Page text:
basilica

A large public building, in or near the forum of a Roman city, which was used as a town hall and law courts and housed shops. Rectangular in shape with a central nave and, usually, with a pair of side aisles lit by clerestory windows. The building type was used in the Christian period as the blueprint for early churches. Varieties would include: - …...

Basilica

A large building where town business was carried out (like a modern Town Hall)

Basilica

[moth] Basilica is a genus of moths of the Noctuidae family. ...
Found on http://en.wikipedia.org/wiki/Basilica_(moth)

Basilica

(Latin) a Roman public building used as an exchange and law court; the origin of the word basilica is the ancient Greek word basileus, king; a basilica was originally a royal palace, but for the Romans it served judicial and business purposes; according to Vitruvius' De Architectura Libri Decem, the dimensions of the basilica had to follow prescrib...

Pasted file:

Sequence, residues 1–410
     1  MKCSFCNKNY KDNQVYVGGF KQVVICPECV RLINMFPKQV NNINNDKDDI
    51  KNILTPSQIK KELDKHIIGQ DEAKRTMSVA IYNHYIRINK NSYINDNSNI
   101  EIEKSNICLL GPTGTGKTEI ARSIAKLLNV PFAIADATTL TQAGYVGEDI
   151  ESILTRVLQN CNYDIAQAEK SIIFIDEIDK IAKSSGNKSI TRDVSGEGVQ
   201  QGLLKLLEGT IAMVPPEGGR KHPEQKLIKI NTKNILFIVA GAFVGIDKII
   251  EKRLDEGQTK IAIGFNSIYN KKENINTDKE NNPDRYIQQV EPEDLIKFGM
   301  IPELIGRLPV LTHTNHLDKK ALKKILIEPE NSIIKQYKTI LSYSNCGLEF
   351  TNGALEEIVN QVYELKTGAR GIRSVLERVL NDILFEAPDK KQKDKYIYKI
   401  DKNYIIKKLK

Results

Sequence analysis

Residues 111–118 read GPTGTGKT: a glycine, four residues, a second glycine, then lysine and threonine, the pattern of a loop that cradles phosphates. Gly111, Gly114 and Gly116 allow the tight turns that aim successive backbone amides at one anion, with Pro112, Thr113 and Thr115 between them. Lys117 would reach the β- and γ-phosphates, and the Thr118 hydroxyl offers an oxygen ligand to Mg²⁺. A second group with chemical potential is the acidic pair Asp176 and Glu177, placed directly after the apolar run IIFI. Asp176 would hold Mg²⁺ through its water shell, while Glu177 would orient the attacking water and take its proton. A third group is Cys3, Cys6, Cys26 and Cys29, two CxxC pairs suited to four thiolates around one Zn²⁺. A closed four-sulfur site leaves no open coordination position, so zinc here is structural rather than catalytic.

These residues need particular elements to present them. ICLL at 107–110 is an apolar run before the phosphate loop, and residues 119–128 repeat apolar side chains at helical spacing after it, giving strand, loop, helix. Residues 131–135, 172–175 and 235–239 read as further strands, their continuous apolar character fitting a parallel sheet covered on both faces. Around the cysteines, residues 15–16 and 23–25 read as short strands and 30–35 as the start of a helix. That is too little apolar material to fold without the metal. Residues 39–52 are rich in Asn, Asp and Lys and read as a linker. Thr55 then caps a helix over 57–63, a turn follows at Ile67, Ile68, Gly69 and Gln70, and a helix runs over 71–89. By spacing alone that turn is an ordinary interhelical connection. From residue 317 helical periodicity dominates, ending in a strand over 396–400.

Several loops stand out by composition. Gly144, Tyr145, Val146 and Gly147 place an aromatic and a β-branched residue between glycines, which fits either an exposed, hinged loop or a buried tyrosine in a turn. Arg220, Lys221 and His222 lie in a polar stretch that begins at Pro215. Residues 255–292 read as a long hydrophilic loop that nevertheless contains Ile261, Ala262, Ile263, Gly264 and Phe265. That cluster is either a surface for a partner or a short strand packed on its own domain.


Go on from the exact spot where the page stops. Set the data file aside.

Found on http://www.hestories.info/greco-roman-world-glossary.html

basilica

[Noun] An oblong church with a rounded end.
Example: The choir was singing in the basilica.
Found on http://www.bbc.co.uk/skillswise/glossary/

basilica

[n] - an early Christian church designed like a Roman basilica 2. [n] - a Roman building used for public administration
Found on http://www.webdictionary.co.uk/definition.php?query=basilica

Basilica

Term originally used to describe a Roman town hall, but later to describe a rectangular hall-like building, normally with a roof supported by two or more arcades (ie aisled).
Found on http://www.digital-documents.co.uk/archi/gloschur.htm

basilica

town hall
Found on http://www.digital-documents.co.uk/archi/glos_rom.htm

basilica